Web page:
THE Comelec’s decision to award the contract to lease 23,000 Optical Mark Reader units to Smartmatic-Total Information Management Corp. is still uncertain as it is still considering using former poll commissioner Gus Lagman’s hybrid system.
In a recent press briefing, Commission on Elections Commissioner Christian Robert Lim said the commission en banc had yet to decide whether or not they would use the hybrid system and that the deal with Smartmatic might be scrapped once they chose Lagman’s manual-automated system for next year’s Presidential elections.
“As of now, the commission en banc is also looking at the hybrid system. If we agree to use the hybrid, we will not issue the notice to proceed,” Lim said.
He said their recent decision to favor Smartmatic only entitled the company to be awarded the contract, but as long as they had yet to issue a notice to proceed, their decision could change anytime.
“Even granting the protest, basically it just entitles you to award, but the end date of that is the issuance of the notice to proceed by the agency, and that’s the most critical portion,” Lim said.
“At the same time, we don’t want to waste any time. While we are evaluating the hybrid system, we are proceeding the decision on the protest.”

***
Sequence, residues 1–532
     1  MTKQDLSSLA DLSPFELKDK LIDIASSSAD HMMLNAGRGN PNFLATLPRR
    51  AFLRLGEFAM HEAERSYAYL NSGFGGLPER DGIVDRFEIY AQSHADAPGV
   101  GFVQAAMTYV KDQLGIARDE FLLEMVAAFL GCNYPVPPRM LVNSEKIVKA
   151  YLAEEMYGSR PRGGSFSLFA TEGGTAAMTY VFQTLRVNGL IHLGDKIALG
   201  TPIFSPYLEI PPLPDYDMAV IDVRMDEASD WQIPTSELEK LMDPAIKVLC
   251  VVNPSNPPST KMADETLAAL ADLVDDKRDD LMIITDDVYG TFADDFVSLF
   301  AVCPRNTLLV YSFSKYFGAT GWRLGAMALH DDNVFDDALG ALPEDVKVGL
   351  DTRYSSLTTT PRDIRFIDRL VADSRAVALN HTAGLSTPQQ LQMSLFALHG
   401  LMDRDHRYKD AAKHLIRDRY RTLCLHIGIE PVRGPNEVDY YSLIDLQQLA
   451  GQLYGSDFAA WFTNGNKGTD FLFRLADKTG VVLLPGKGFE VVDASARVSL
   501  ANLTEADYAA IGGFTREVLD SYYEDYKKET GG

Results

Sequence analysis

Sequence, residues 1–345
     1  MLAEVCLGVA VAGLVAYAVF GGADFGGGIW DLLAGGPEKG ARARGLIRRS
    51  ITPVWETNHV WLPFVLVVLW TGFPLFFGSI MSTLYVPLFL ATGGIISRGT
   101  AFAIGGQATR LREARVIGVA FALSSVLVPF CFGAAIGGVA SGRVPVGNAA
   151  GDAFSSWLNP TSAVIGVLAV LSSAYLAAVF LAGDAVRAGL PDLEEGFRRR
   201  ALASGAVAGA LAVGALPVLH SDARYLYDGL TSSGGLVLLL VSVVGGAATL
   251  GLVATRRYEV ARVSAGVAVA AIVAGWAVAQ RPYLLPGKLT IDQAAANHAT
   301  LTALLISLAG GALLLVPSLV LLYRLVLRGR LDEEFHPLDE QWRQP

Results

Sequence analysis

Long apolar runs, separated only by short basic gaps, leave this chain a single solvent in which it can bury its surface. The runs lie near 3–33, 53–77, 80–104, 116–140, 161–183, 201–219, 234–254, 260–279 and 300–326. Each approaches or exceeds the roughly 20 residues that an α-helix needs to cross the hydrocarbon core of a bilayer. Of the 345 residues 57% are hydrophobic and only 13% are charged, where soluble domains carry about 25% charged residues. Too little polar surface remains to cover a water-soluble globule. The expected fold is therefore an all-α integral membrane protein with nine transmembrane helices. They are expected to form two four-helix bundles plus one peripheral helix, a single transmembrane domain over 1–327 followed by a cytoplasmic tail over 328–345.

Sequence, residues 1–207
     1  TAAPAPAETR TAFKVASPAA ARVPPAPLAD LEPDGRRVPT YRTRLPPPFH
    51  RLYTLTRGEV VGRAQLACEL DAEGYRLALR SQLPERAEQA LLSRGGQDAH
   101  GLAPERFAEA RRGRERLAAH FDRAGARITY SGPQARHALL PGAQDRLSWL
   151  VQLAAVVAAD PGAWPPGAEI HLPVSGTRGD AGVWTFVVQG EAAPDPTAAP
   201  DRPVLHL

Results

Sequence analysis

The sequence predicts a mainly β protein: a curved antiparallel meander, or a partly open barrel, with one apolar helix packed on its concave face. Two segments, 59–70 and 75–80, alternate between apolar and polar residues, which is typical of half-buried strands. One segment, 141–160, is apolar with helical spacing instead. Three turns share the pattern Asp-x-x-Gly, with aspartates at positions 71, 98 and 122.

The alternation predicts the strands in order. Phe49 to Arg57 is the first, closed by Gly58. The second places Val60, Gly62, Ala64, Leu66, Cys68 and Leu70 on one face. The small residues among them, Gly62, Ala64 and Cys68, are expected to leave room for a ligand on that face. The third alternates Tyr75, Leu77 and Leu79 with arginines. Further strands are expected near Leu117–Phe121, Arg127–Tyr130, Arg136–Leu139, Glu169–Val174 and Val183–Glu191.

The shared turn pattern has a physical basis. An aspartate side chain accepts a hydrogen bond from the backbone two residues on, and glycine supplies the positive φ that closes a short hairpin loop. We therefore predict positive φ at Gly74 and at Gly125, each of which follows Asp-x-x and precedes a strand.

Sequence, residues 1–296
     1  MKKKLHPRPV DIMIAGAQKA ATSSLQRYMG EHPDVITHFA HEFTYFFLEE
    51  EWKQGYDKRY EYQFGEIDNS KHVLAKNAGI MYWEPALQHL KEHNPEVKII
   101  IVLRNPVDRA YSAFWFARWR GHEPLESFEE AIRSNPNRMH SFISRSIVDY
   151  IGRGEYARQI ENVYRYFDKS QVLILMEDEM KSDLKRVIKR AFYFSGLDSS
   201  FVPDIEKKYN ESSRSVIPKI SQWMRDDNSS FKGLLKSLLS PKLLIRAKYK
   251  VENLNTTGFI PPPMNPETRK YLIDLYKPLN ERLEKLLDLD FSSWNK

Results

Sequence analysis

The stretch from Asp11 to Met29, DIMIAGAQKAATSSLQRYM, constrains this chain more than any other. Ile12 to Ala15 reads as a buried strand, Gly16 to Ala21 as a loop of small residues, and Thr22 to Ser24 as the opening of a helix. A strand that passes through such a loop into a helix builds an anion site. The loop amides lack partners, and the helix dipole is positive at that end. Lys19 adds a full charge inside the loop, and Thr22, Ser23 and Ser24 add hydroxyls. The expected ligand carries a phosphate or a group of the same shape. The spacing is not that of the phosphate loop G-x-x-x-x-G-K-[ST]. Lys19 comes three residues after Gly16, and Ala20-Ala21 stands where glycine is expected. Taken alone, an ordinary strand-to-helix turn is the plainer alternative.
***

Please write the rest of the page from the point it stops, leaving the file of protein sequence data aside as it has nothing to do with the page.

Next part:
Lagman had changed his proposal from Transparent and Credible Election System (TCrES) to Precinct Automated Tallying System (PATaS).
In PATaS, according to Lagman, the voting is done manually as the voters have to write either the name or assigned number of their chosen candidate in the ballot and then drop it into the ballot box. The board of election inspectors will then manually tally the number of votes on a blackboard.
The automation part only occurs when the Board of Election Inspectors transmits the total tallied votes to the main servers using laptops with broadband technology.
Lagman also proposed that the Comelec install a Closed Circuit Television camera in all 300 precincts nationwide so that the public could witness the manual counting process through the Internet.
Lagman says his proposed system, which he renamed from TCrES to PATAs, will have more credible results than Smartmatic-Total Information Management Inc’s Precinct Count Optical Scan machines.
“The problem with our current system, the PCOS, is that during its first step, we do not know if they counted the votes correctly,” Lagman said.
He says his hybrid system eliminates the possibility of a wholesale manipulation of the results since the votes are counted manually.
He says that through the CF card in the PCOS machines, the technology provider can easily manipulate the votes.
In terms of money, Lagman says, the government will be able to save more money by employing the hybrid system, which is priced at P4 to P5 billion. This means that the cost would be cut in half compared to the price of using the automated system of P9.5 to 14.5 billion.
Lim said they were still awaiting the assessment of the various stakeholders about the end-to-end demonstration of Lagman’s hybrid system.
He said they will release a report about the Hybrid system days before they attend the House hearing on July 9.